- Part of:
- Law and order
Statement from Justice Secretary Michael Matheson on Legal Aid request.
The Scottish Government have made the following determination in relation to an application for legal aid towards the costs of a private prosecution from the families affected by the Glasgow bin lorry tragedy.
Mr Matheson said:
"Private prosecutions are, and should remain, exceptionally rare in Scotland. However, in light of the unique and special circumstances of this case, which raises fundamental questions that have not previously been tested in case law, Scottish Ministers believe it is in the public interest that all parties are adequately represented.
"As such, Ministers have agreed to make legal aid available for the families of the Bin Lorry tragedy.
"In line with human rights requirements that anybody facing potential criminal prosecution must be legally represented, legal aid will also be made available to the driver of the bin lorry, Mr Clarke, and to Mr Payne in relation to another potential private prosecution in separate case.
"The issue of whether there are exceptional circumstances to justify a private prosecution is a matter for the High Court alone and do not form part of this legal aid decision.
"Responsibility for deciding whether or not to prosecute an alleged criminal case in Scotland rests clearly with the Crown Office which has a strong record in prosecuting crime. The determination is not being made on the basis that Ministers agree that there was any error in law in the decision by the Crown. The Lord Advocate has set out publicly the basis for the decision not to progress a prosecution following the Bin Lorry tragedy."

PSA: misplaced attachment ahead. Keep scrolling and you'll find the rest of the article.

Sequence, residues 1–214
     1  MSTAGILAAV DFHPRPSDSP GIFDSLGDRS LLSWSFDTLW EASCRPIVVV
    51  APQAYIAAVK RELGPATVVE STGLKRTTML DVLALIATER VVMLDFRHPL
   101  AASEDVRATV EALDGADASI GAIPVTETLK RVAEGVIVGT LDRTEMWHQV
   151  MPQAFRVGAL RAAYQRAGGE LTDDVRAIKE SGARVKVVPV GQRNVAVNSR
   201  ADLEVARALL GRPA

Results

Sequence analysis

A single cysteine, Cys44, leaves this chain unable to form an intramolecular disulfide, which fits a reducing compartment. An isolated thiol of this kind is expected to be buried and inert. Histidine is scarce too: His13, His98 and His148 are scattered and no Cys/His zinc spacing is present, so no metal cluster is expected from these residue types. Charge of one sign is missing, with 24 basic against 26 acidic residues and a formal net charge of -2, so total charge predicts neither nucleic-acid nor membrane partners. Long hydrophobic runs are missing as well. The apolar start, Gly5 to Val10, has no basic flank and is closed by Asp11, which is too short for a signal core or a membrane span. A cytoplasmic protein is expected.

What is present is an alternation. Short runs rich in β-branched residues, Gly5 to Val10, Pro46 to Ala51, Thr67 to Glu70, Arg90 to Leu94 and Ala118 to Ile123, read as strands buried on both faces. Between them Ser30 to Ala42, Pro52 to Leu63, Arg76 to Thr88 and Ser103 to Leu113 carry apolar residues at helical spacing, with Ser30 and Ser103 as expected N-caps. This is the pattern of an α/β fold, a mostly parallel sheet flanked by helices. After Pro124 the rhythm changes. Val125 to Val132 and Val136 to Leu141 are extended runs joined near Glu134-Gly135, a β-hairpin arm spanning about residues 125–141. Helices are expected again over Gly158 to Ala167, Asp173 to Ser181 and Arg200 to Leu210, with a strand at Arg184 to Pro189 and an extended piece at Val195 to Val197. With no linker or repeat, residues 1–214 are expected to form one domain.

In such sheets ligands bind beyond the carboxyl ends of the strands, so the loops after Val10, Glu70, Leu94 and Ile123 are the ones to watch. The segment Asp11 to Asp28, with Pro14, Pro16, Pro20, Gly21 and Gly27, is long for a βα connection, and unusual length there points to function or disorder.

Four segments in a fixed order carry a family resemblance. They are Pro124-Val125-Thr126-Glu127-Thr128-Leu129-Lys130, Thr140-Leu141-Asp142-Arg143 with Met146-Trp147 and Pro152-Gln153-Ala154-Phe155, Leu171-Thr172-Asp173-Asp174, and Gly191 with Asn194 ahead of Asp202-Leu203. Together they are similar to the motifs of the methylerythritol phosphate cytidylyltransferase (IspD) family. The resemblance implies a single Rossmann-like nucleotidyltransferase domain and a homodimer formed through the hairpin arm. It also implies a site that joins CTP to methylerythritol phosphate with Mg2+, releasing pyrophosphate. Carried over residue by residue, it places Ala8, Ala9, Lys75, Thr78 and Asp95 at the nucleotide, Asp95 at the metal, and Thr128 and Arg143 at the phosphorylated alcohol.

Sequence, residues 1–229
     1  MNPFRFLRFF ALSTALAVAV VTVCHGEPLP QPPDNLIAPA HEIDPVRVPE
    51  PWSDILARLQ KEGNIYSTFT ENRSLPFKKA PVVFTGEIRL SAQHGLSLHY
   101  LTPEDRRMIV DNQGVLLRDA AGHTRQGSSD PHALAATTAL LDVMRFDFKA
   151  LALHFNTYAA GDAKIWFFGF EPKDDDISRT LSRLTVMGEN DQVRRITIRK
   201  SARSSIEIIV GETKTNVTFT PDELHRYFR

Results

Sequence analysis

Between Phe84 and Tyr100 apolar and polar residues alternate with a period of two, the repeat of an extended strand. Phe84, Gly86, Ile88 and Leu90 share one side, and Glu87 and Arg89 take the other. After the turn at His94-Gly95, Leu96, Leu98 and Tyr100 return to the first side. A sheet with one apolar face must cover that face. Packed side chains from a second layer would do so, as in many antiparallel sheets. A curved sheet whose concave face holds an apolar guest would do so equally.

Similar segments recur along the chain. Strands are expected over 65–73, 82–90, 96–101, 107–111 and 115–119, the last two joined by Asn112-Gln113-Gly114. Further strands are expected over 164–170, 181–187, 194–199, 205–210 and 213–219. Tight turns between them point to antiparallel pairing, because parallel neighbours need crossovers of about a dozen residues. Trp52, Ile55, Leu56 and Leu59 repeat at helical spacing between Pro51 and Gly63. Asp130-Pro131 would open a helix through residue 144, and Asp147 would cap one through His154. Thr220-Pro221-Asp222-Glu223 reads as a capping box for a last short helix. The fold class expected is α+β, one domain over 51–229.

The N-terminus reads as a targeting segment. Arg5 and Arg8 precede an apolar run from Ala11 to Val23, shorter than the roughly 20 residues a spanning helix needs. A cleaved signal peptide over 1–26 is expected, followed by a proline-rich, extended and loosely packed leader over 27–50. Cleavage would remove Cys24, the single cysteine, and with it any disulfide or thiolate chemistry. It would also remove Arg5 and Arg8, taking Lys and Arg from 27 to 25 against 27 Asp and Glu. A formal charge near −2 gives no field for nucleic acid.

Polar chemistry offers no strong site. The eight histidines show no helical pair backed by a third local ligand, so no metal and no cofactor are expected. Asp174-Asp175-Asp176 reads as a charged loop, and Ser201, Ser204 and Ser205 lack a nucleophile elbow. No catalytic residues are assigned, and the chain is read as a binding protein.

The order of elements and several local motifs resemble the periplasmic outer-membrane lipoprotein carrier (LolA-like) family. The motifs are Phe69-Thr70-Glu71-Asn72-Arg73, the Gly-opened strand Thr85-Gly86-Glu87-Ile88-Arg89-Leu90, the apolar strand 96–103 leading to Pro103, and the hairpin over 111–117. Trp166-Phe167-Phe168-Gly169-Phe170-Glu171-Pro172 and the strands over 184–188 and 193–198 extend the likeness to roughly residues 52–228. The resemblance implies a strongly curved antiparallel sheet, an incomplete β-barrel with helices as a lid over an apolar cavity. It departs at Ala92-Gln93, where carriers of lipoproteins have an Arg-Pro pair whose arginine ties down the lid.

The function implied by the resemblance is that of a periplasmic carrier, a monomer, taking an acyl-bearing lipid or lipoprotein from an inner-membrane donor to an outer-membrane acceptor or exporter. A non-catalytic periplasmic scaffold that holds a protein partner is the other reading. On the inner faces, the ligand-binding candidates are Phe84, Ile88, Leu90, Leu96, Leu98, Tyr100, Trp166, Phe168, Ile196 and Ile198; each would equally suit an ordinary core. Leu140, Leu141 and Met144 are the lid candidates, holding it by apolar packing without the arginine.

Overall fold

The upcoming hearing will allow the High Court to consider whether the Bill for Criminal letters raises exceptional circumstances that would justify a private prosecution proceeding.
The determination is not being made on the basis that Ministers agree that the circumstances set out in the application for funding constitute exceptional circumstances - which is clearly a matter for the Court to consider.
These are not matters on which Scottish Ministers have any role to comment. The independence of the Lord Advocate in the system of criminal prosecutions is guaranteed by the Scotland Act 1998.
The determination is made under section 4(2)(c) of the Legal Aid (Scotland) Act, requiring the Scottish Legal Aid Board to make legal aid available for preparation and for the hearing before the High Court to consider the Bill for Criminal Letters.
The full parliamentary answer on this issue can be accessed on the Scottish Parliament website.